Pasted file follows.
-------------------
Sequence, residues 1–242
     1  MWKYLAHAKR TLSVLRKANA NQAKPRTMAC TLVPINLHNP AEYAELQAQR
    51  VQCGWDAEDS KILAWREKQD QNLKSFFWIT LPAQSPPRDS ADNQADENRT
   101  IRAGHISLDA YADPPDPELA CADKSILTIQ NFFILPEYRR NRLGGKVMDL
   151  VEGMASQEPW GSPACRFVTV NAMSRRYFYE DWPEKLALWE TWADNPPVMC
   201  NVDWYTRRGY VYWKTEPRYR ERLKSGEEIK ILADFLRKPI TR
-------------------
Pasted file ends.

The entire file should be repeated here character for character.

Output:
Sequence, residues 1–242
     1  MWKYLAHAKR TLSVLRKANA NQAKPRTMAC TLVPINLHNP AEYAELQAQR
    51  VQCGWDAEDS KILAWREKQD QNLKSFFWIT LPAQSPPRDS ADNQADENRT
   101  IRAGHISLDA YADPPDPELA CADKSILTIQ NFFILPEYRR NRLGGKVMDL
   151  VEGMASQEPW GSPACRFVTV NAMSRRYFYE DWPEKLALWE TWADNPPVMC
   201  NVDWYTRRGY VYWKTEPRYR ERLKSGEEIK ILADFLRKPI TR